Let $f:S^{n-1} \rightarrow S^n$ be a topological embedding and let $A_f$ and $B_f$ be the components of $S^n \setminus f(S^{n-1})$. If $\overline{A}_f$ and $\overline{B}_f$ are manifolds with boundary $f(S^{n-1})$, then the locally flat Schoenflies conjecture (proved by Mazur and Brown) says that $\overline{A}_f$ and $\overline{B}_f$ are both topological discs. The classical example of the Alexander horned sphere shows that the assumption that $\overline{A}_f$ and $\overline{B}_f$ are manifolds is necessary. Indeed, letting $\alpha:S^2 \rightarrow S^3$ be the Alexander horned sphere, it turns out that one of the components (say, $A_{\alpha}$) is not even simply connected. However, $\overline{B}_{\alpha}$ is a manifold. Using the Schoenflies conjecture, this implies that if we attach a collar neighborhood $\alpha(S^2) \times [0,1]$ to $\overline{A}_{\alpha}$, then we get a $3$-ball which deformation retracts to $\overline{A}_{\alpha}$. In particular, $\overline{A}_{\alpha}$ is contractible.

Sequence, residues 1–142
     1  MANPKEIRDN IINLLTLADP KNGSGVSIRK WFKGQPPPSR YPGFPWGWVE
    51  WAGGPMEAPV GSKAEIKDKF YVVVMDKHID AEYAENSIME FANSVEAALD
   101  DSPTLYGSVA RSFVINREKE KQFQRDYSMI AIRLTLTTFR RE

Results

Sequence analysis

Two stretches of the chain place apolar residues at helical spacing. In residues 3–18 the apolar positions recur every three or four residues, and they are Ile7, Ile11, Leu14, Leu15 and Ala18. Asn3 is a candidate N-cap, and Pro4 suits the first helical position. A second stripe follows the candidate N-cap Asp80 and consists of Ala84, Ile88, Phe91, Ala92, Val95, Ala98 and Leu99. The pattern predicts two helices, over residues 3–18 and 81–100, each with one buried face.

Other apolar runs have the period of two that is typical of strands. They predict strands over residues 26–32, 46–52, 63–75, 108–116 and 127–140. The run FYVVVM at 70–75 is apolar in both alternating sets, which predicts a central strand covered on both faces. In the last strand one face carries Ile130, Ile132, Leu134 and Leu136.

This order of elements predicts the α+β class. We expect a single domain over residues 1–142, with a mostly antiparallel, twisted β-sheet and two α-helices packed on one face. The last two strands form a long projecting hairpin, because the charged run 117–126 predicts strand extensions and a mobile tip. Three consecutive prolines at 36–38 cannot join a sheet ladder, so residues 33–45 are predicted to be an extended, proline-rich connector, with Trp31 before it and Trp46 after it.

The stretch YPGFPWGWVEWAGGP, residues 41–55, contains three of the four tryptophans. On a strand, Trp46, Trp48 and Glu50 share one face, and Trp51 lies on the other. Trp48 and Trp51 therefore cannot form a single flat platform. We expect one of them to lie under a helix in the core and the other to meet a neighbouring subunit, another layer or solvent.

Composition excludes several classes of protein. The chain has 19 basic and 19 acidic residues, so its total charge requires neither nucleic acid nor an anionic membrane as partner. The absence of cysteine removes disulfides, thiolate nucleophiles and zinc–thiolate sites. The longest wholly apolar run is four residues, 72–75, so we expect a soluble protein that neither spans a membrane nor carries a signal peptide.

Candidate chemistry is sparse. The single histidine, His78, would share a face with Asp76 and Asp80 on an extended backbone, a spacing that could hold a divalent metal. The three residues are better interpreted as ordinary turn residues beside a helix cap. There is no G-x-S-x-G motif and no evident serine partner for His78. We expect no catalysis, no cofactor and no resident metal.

Question: Does there exist a topological embedding $f^{n-1} \rightarrow S^n$ (preferably with $n=3$) such that neither $\overline{A}_f$ nor $\overline{B}_f$ is contractible?

There definitely exist such embeddings where neither $\overline{A}_f$ nor $\overline{B}_f$ are manifolds. For example, Bing proved that the double of the Alexander horned ball $\overline{A}_{\alpha}$ along its "boundary" $\alpha(S^2)$ equals $S^3$. This means that the above trick will not work in general (but of course we already know that $\overline{A}_{\alpha}$ is contractible, so Bing's theorem does not answer our question).